DUNURE COASTAL ROWING & WATERSPORTS CLUB

A COMMUNITY ORGANISATION

Gill Sherry

Is there anything better than being out on the water on a sunny day? Nicola Burns, Chair of Dunure Coastal Rowing and Water Sports Club, doesn’t
think so.

“That’s what drew me to rowing,” she tells me, “living here and seeing the sea. When the sun’s shining you want to be on the water. Appreciating our pretty coastline from that side is so pleasant. We’re very lucky to live in such a pretty part of the world.”

Nicola has been involved with the club since its inception three years ago. Prior to that she was a member of Carrick Coastal Rowing Club in Maidens.

So, aside from the beautiful views, what are the advantages of coastal rowing?

“The physical exercise, obviously. Fresh air, camaraderie, meeting up with likeminded people, learning new skills, braving the elements… which in itself can be refreshing. We socialise outwith rowing so that’s another good thing. You meet people from all walks of life.”

It also has mental health benefits, Nicola confirms, but like most sports, it’s not for everybody.
“It’s not for anyone who doesn’t want to get wet or cold, but if you’re an outdoorsy type of person and that doesn’t faze you…”

Membership will cost you £40 per year plus a £3 donation each time you row. As a member you are also entitled to use the club’s kayaks. The club currently has 22 members but Nicola is keen to encourage newcomers along.

“There isn’t a lower age limit but we pitch it at 14 or 15. It’s more to do with strength because the oar is quite heavy. It really depends on the stature of the person.”

And what would a beginner need to bring?

“Just a pair of shoes they don’t mind getting wet, a pair of gloves and a drink of water. And layers because I can guarantee that within five minutes of rowing you’d want to be taking a layer off!”

Rowing out of Dunure Harbour is both weather and tidal dependent. However, through the winter Nicola would expect to be out in the boat at least once a week, increasing to twice or more during the summer.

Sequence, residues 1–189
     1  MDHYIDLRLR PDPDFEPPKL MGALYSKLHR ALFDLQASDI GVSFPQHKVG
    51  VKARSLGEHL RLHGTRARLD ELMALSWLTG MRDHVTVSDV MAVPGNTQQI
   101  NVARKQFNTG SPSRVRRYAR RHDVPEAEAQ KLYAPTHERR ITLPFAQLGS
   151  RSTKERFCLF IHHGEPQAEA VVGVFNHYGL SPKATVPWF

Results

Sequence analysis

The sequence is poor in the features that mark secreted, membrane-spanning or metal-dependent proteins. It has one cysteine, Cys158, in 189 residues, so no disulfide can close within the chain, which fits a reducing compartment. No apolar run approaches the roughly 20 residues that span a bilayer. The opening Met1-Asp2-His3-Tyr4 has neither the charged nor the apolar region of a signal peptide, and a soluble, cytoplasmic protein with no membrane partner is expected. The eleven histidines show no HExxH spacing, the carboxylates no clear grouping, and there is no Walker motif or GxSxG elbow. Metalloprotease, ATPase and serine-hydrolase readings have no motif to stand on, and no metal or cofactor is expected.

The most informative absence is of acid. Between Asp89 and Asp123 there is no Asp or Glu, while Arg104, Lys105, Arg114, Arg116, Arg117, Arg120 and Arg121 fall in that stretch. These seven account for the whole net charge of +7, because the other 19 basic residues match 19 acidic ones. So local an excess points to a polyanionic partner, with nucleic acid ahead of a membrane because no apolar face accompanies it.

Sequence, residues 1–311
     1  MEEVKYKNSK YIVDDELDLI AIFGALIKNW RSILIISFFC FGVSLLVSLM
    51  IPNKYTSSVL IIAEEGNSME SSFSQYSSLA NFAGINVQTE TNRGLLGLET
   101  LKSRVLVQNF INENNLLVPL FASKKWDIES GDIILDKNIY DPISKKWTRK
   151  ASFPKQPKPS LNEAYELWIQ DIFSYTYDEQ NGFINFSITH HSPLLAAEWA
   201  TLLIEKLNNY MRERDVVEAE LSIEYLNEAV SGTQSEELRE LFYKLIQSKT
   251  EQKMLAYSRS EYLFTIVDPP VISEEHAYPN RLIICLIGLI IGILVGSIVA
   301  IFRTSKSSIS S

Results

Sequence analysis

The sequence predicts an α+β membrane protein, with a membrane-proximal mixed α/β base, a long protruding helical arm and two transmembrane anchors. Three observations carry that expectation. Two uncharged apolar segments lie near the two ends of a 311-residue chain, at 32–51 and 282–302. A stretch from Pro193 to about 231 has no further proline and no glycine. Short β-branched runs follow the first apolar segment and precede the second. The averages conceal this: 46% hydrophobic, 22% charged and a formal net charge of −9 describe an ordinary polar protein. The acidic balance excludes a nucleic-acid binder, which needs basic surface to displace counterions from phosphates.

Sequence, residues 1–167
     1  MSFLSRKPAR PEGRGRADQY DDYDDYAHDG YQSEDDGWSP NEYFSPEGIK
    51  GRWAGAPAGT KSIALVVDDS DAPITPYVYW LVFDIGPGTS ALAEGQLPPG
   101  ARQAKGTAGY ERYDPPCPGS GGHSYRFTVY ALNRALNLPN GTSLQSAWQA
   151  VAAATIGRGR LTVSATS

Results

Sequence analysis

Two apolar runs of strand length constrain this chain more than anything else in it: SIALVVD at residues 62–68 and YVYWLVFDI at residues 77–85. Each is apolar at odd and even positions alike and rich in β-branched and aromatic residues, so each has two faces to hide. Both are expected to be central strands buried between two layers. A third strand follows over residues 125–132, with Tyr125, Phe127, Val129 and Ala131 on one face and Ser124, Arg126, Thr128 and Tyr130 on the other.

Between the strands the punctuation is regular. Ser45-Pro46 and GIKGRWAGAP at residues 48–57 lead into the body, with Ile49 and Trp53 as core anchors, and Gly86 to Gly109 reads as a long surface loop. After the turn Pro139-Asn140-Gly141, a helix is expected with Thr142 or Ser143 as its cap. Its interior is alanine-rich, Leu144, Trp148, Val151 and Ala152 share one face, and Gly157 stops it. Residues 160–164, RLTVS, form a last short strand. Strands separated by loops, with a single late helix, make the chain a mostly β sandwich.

The boat is a St Ayles Skiff, built for fixed-seat rowing for four rowers and one cox.

“It’s called Port Rorie after an outcrop of rock. It was named by the local primary school children.”

Port Rorie, Nicola informs me, has a busy time ahead.

“We have our own regatta planned on May 18th. The main event is a timed distance row… a long, triangular-shaped row.”

Port Rorie will also be present at Dunure’s Festival of the Sea on August 24th allowing those who may be interested in rowing to try it out. This proved so popular last year that Nicola lost count of the number of times the boat went out!

It’s also hoped that Dunure will be invited to take part in the Exciseman’s Chase, as well as competing in Scotland’s biggest open water rowing race, Castle to Crane. Looking further ahead, Nicola has one eye on the St Ayles Skiff World Championships.

“The Worlds are being held in Stranraer next year so we’re hoping to attend that for the first time.”

In the meantime, fundraising is always on the agenda.

“We do fundraising throughout the year. We’ve had a couple of very successful quiz nights. We held them in The Anchorage because they’ve been quite supportive of us which is great. We try and hold our AGMs and meetings in the local pub as well.”

Dunure Coastal Rowing and Water Sports Club is very much a community organisation. It’s also proud to be inclusive and happy to accommodate less-abled members whenever possible.

To find out more, follow Dunure Coastal Rowing and Water Sports Club on Facebook.